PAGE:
A Genomic Walk Into the Past – 25th July 2011
It was standing room only when Professor Himla Soodyall addressed an eager group of teachers, school children, varsity students and members of the general public at the Olwazini Discovery Centre in Pietermaritzburg.
Talking on the theme Routes to Roots: A genomic walk into the past, and punctuating her simple but powerful explanations with slides and short videos, Prof Soodyall explained how DNA samples taken from people living all over the world are helping us understand how humans populated the globe – a story of 150 000 years.
The event was held in celebration of World Population Day to raise awareness and understanding of how humans have spread out across the world – the total number is expected to reach 7 billion during 2011.
After explaining a little of the science behind Genetic Ancestry, Prof Soodyall went on to relate stories which showed how people’s understanding of their identity was impacted on by new knowledge of their genetic history. She included video of, among others, former president Nelson Mandela receiving news of his genetic ancestry test results and told the story of recent research findings of the Karretjie People in the Northern Cape Province who trace their lineage directly to the oldest known group of Homo sapiens – or modern humans like you and I.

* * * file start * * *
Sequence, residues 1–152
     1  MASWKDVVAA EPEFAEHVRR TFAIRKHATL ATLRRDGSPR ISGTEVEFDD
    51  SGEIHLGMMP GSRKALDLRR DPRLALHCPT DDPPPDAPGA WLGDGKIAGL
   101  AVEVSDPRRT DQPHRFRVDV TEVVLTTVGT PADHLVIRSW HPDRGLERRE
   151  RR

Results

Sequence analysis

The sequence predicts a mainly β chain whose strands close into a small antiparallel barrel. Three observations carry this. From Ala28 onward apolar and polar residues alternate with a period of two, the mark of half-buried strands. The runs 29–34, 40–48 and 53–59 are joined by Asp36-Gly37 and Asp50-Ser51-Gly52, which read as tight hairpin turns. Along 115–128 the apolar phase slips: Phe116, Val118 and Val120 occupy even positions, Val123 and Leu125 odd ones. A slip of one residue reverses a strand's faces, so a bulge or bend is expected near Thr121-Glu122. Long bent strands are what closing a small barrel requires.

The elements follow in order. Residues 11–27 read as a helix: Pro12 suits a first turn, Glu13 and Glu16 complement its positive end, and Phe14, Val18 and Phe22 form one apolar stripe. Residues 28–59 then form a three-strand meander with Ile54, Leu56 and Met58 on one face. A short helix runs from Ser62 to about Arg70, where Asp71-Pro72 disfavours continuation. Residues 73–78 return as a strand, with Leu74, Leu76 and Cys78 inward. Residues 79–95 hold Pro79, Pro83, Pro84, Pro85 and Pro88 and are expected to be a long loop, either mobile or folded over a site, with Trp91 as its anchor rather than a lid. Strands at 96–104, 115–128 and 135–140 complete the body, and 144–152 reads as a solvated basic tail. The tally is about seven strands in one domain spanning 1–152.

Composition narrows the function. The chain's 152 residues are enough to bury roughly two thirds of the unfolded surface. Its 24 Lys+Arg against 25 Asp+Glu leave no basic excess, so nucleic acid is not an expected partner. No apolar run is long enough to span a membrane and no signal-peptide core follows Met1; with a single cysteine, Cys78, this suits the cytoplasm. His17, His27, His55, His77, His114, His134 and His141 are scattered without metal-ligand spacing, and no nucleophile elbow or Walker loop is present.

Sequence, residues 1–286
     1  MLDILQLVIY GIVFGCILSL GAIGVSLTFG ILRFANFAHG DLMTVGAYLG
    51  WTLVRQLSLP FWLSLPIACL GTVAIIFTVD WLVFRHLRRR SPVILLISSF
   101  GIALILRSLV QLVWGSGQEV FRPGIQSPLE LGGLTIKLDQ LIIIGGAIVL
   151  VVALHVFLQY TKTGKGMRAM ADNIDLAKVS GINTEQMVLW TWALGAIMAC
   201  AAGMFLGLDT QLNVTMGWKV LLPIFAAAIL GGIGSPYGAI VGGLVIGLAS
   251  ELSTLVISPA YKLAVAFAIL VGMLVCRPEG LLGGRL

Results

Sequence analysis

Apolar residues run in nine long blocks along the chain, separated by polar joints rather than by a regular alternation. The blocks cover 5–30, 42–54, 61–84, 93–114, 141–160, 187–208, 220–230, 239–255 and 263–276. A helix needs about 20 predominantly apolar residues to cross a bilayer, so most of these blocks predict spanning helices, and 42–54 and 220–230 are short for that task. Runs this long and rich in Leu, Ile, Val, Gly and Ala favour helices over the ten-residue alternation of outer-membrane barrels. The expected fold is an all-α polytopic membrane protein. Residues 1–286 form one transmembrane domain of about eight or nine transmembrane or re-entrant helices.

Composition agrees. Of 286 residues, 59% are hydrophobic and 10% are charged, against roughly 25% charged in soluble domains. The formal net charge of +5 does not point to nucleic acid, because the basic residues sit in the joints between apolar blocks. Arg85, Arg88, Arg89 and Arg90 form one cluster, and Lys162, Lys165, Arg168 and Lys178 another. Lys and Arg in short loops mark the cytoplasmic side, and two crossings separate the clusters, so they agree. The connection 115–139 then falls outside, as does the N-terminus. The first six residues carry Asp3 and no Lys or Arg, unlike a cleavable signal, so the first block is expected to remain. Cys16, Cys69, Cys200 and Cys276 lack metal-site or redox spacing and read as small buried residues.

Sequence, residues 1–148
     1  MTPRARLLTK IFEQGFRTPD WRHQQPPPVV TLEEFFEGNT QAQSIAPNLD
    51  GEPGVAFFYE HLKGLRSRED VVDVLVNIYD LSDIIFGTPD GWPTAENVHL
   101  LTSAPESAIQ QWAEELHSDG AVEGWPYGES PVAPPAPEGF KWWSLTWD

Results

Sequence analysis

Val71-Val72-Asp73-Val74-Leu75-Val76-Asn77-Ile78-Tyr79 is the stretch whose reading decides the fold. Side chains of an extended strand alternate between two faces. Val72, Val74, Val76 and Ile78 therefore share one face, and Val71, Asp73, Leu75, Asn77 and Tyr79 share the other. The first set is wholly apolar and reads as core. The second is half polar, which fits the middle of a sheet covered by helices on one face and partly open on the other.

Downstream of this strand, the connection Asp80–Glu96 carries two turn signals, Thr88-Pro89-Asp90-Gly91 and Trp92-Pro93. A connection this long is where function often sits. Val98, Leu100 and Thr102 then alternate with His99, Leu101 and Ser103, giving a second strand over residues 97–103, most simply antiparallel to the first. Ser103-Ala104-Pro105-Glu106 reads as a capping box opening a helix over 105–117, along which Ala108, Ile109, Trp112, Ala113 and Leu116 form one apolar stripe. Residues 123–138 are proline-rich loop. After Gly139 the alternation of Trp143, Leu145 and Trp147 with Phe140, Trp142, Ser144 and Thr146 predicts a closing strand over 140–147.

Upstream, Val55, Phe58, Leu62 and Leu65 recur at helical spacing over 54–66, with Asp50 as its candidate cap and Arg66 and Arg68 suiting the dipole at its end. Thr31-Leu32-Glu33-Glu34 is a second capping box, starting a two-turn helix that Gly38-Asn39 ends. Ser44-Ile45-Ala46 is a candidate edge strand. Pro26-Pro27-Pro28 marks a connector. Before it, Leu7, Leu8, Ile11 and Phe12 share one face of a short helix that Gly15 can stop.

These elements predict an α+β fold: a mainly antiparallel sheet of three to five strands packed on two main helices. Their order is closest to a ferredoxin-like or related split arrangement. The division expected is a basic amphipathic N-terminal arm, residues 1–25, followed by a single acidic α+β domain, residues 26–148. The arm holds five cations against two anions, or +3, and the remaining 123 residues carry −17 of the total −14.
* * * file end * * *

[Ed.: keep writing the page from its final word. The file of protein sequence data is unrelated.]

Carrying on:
Questions and comments after the talk deepened understanding of the topic and reinforced the notion that as the people of the world, we have far more in common with one another, than differences. The closing comment by one audience member, much to the delight of Professor Albert Modi of the Moses Kotane Institute, was that he felt he was no longer a visitor to Africa – but rather that he had returning home from a long time in exile.
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